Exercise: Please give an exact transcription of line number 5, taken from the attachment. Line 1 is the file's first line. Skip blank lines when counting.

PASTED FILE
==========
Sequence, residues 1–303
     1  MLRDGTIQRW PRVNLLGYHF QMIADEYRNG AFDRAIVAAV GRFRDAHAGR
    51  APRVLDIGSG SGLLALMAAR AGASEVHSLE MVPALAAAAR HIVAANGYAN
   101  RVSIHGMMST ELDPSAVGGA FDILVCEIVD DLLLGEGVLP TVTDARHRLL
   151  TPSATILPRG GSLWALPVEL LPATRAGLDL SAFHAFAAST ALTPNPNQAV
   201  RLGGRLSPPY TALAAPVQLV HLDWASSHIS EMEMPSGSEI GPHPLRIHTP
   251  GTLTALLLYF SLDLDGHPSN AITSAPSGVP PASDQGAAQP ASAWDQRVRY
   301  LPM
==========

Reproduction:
   151  TPSATILPRG GSLWALPVEL LPATRAGLDL SAFHAFAAST ALTPNPNQAV